The concept seems like a no-brainer: Sales reps cannot control customer buying – they can only influence it. How they do this is the job of sales managers. Where managers spend their time is, therefore, critical to making an impact. Jason Jordan’s new book, “Cracking the Sales Management Codebook: The Secrets to Measuring and Managing Sales Performance,” lives up to its promise of providing the frameworks, metrics and best practices to help sales organizations to succeed.
It all comes down to what can and cannot be controlled, which this book does an excellent job explaining in a well-written, straightforward style with good examples and solid research to support it. Yet beyond sales managers who will learn where to spend their time most efficiently and effectively, there are two other beneficiaries of the book where major impacts can be realized in today’s complex sales organizations.
The first is the next generation of sales reps, who need ongoing feedback from sales managers. As an educator of the next generation of sales professionals, I believe sales managers wait too long to measure sales activities and provide ongoing feedback to the Millennials. Without feedback, younger reps often become frustrated to the point of leaving the company within a year or two.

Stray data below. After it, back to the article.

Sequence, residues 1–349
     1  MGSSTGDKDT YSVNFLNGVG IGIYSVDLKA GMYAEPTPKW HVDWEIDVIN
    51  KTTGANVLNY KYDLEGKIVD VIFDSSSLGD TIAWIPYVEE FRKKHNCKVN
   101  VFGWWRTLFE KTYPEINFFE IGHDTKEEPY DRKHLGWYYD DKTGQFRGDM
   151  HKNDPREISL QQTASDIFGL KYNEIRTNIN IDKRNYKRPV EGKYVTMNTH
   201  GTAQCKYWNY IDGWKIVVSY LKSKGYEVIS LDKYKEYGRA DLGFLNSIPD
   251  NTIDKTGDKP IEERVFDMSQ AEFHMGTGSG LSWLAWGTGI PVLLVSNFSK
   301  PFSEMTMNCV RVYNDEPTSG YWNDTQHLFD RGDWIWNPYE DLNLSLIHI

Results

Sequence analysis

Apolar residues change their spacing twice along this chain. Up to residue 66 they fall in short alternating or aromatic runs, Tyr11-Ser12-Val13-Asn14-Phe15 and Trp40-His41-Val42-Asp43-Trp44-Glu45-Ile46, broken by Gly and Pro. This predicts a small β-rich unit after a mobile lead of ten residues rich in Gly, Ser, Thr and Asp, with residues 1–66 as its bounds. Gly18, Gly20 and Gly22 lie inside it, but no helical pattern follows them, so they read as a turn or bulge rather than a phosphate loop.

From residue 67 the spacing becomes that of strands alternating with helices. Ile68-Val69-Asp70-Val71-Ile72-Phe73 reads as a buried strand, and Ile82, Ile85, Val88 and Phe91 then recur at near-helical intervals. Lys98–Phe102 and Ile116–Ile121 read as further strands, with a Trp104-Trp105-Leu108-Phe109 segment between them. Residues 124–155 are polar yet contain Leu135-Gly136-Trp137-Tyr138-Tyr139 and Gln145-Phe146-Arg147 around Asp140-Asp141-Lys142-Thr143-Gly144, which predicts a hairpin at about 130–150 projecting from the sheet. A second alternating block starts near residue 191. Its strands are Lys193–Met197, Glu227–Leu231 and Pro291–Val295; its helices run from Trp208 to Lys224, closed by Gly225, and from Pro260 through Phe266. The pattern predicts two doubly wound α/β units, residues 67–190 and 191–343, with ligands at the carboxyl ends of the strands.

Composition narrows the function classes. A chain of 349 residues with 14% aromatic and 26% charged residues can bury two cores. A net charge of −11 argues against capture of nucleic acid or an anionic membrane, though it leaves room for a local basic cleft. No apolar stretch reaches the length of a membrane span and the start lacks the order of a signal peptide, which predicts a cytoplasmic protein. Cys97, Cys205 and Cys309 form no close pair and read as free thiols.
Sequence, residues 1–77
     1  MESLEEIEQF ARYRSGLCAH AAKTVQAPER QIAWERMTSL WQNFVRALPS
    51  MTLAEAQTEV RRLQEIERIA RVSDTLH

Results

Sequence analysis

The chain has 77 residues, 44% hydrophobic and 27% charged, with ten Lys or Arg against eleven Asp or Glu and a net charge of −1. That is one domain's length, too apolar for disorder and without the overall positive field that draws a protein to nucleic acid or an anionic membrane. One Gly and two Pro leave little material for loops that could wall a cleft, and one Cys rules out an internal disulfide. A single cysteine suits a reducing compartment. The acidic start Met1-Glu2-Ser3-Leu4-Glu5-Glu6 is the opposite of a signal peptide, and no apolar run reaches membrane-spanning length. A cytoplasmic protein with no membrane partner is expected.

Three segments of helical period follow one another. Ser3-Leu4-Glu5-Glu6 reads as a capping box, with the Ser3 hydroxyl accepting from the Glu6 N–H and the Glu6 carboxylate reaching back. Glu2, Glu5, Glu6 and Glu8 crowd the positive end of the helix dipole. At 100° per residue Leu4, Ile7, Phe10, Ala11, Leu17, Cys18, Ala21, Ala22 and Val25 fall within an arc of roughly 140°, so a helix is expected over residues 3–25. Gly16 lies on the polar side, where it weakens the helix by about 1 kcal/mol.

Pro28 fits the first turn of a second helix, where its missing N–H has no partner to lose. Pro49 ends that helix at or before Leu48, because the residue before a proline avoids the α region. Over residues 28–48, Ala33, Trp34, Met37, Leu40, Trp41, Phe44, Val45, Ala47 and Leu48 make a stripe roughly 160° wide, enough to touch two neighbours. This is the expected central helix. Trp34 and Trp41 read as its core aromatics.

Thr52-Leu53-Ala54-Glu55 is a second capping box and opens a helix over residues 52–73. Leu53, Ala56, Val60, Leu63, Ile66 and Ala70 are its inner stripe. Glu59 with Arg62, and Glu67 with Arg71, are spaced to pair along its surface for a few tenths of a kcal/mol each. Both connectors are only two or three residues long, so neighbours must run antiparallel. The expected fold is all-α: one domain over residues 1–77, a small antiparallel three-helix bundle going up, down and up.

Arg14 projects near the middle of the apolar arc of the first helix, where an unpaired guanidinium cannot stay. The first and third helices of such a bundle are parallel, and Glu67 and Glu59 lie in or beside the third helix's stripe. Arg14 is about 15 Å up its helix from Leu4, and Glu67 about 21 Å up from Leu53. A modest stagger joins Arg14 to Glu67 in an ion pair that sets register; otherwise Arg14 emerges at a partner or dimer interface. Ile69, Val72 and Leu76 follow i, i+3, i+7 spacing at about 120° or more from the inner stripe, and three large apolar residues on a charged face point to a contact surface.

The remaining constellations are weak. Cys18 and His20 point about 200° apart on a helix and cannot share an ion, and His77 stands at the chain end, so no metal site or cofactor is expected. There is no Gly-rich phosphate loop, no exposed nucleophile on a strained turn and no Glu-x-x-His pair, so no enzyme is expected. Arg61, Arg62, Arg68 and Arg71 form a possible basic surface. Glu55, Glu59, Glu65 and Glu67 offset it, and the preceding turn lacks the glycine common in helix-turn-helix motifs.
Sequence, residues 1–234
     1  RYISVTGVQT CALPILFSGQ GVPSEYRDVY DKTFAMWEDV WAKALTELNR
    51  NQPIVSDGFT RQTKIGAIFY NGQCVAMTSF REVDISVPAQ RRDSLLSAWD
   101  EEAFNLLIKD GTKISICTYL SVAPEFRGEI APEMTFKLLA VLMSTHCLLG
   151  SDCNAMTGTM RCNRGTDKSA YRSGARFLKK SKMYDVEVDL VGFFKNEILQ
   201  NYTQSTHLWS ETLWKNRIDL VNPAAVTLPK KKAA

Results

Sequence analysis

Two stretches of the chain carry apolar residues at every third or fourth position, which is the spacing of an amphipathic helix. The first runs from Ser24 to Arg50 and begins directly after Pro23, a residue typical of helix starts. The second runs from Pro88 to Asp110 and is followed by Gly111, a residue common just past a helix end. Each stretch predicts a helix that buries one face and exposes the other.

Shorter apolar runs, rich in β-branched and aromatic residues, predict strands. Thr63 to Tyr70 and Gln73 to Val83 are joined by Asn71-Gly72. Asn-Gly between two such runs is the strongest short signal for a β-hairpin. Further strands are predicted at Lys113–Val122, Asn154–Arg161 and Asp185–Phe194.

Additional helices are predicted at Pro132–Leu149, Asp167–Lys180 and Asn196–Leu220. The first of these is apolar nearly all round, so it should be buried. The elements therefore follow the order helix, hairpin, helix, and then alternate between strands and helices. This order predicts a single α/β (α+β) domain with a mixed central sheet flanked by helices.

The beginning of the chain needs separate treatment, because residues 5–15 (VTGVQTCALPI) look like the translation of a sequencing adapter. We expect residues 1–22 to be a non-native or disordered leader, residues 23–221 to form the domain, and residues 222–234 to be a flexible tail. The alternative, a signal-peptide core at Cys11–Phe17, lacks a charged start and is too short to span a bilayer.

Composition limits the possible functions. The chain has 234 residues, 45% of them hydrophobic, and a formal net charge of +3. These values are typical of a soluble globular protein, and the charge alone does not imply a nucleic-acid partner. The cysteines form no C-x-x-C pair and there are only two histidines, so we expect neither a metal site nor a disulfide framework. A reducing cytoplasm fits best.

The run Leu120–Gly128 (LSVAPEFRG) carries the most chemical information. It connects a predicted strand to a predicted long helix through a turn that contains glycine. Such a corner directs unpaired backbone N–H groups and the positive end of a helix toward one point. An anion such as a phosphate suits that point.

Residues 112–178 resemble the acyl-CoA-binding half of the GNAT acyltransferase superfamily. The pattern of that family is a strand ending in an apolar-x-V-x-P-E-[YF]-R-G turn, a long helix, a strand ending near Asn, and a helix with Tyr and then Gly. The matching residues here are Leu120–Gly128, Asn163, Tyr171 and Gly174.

The second group to benefit from the book’s message is executives who are setting sales strategy. A group of Minneapolis-St. Paul-based sales executives recently discussed the book’s value and determined it was “a level up” from most sales management books. Directors and vice presidents of sales who are setting the sales strategy and moving the organization for growth should take it seriously.
Field-sales activities can be managed
I can relate to Jordan’s assessment of “outdated senior managers,” who are pushing their young reps to do non-impactful sales activities. I often hear back from student interns and graduates about sales managers who interrogate rather than coach; expect daily quotas but do not communicate for weeks; and ride along without discussing helpful customer approaches. Many take metrics to the extreme.
Metrics around field sales activities can be controlled, but those that track high-level business results are not, as Jordan explains:
“We can’t see or touch revenue, but we can see our sales reps going on sales calls and hope that revenue follows. We can’t see or touch share of wallet, but we can see reps creating account plans and hope that their customers buy more from us as a consequence. Sales activities are the causes that lead to other effects.”
The book outlines the field sales activities and metrics that sales managers do have control over, such as time spent coaching reps, number of sales calls made per rep, percentage of reps using CRM, and percentage of account plans completed.
The next generation of sales reps likes to figure out how to reach goals, yet they want to be coached along the way. Sales managers should give younger reps a road map on what activities to do daily, weekly and monthly. They need to proactively change activities every four to six weeks as learning and desired behaviors occur so that Millennials do not get frustrated. And offer CRM and other sales tools they have used in school to capture information about their activities.